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|Abstract:||Reconstructing multiple molecularly defined neurons from individual brains and across multiple brain regions can reveal organizational principles of the nervous system. However, high resolution imaging of the whole brain is a technically challenging and slow process. Recently, oblique light sheet microscopy has emerged as a rapid imaging method that can provide whole brain fluorescence microscopy at a voxel size of 0.4 × 0.4 × 2.5 μm 3 . On the other hand, complex image artifacts due to whole-brain coverage produce apparent discontinuities in neuronal arbors. Here, we present connectivity-preserving methods and data augmentation strategies for supervised learning of neuroanatomy from light microscopy using neural networks. We quantify the merit of our approach by implementing an end-to-end automated tracing pipeline. Lastly, we demonstrate a scalable, distributed implementation that can reconstruct the large datasets that sub-micron whole-brain images produce.|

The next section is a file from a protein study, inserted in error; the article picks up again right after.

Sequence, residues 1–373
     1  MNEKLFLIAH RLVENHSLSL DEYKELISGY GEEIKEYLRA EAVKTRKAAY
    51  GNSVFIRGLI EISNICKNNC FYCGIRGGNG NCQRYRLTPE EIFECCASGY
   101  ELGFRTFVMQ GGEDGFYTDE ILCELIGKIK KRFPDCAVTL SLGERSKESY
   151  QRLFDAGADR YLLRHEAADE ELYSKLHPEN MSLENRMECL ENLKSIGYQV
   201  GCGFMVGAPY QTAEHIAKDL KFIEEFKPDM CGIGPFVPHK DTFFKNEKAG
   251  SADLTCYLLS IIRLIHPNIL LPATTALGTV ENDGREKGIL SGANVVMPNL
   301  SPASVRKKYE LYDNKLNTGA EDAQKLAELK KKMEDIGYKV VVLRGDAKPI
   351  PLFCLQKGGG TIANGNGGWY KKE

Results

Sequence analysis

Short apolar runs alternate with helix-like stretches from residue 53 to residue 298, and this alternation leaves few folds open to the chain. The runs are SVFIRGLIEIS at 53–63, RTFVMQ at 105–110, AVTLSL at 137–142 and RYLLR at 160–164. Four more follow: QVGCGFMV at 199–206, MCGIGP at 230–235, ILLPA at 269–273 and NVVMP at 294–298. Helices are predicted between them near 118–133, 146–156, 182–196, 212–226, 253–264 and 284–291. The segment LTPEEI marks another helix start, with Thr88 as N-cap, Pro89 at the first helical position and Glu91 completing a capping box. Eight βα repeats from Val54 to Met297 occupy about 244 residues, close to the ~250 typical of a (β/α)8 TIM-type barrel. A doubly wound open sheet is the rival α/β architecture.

|Citation:||Gornet, James, Kannan Umadevi Venkataraju, Arun Narasimhan, Nicholas Turner, Kisuk Lee, H. Sebastian Seung, Pavel Osten, and Uygar Sümbül. "Reconstructing Neuronal Anatomy from Whole-Brain Images." 2019 IEEE 16th International Symposium on Biomedical Imaging (ISBI) (2019): pp. 218-222. doi:10.1109/ISBI.2019.8759197|
|Pages:||218 - 222|
|Type of Material:||Conference Article|
|Journal/Proceeding Title:||IEEE 16th International Symposium on Biomedical Imaging (ISBI)|
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